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    I spent the first 5 years of beekeeping not using an excluder. I had no use for one and learned to keep bees without them. Then as I got more educated on excluders by talking to people who used them and comparing there set up for bees to mine. I then bought some and put them to use with good success. IMHO a keep should have an excluder as one of the last things on his list to buy and possible not at all on the list until later. After getting going and a couple years under your belt you can make a decision on if they would fit in on the style of beekeeping you want to pursue
     
  4. Zulu

    Zulu Member

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    Unless you are deliberately wanting to harvest Honey, there is no real reason to put an excluder on.

    All my research and understanding this year, is that a nuc or swarm hive should be left to grow as natural as possible first year.... ie add boxes when full and let them do what bees do. Making sure they have enough stores going into winter.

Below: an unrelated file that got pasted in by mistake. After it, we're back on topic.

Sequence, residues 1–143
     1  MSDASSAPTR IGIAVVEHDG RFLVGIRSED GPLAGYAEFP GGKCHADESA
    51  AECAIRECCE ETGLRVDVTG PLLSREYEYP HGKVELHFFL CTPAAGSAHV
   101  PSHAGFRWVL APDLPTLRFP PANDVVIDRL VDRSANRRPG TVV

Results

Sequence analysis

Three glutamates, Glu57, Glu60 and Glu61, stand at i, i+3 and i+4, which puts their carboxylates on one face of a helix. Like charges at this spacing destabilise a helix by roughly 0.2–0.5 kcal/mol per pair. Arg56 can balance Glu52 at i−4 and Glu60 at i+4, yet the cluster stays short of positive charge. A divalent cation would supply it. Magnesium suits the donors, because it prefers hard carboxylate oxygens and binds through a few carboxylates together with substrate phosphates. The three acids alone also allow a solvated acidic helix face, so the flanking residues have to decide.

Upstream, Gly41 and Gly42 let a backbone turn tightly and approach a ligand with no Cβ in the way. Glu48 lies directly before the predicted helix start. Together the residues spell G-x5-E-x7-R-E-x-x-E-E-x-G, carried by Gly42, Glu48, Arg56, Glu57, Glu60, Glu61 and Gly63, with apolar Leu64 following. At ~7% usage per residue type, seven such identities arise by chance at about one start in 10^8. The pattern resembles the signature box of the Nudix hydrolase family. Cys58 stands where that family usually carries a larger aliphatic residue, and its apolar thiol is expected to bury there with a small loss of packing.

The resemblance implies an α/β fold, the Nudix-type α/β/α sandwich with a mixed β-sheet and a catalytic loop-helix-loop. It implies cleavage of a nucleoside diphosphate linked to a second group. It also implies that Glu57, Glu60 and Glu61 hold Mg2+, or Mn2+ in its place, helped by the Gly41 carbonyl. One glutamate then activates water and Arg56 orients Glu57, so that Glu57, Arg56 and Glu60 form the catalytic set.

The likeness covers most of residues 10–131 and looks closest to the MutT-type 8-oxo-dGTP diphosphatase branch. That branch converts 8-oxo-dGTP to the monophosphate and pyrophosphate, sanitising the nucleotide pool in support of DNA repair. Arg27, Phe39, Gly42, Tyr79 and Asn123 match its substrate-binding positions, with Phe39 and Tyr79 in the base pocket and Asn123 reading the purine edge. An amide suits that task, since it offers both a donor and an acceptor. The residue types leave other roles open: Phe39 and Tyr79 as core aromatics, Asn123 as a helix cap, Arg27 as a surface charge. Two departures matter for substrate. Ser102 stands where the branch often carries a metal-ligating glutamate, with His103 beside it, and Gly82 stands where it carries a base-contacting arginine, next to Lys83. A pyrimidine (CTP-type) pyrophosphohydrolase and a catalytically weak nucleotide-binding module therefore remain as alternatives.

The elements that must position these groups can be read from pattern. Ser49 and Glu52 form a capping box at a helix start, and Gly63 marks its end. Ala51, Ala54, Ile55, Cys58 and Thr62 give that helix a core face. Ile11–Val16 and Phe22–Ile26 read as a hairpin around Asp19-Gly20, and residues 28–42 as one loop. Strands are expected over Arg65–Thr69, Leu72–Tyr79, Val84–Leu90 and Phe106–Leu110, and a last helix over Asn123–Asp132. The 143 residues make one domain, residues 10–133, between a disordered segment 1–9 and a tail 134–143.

My big hive has 5 boxes and no excluder and the queen is happy in bottom two boxes at present, will be pulling another (3rd) box of honey off today.
     
  5. efmesch

    efmesch Active Member

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    I'm no so negative on excluders. My experience with them has not always been consistent. But I bless them every time I open an upper super and don't have to do any sorting of total honey frames from those big, beautiful, bulging honey frames that have to be left in the hive because they've been "ruined" by small patches of developing brood. Having to come back a few weeks later to get that honey isn't always practical--who wants to set up the whole extraction operation again? :|
     
  6. tecumseh

    tecumseh New Member

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    might I suggest (and as suggest somewhat by Jerry Hayes article 'Is a Queen Excluder a Honey Excluder) if you had closed off the bottom entrance and provide an entrance only above the excluder or at the top of the stack then you would have highly encourage the field bees to utilize the closes available space. almost always when I do add an excluder I do like to place at least one pulled frame of comb in a box of frames with foundation only.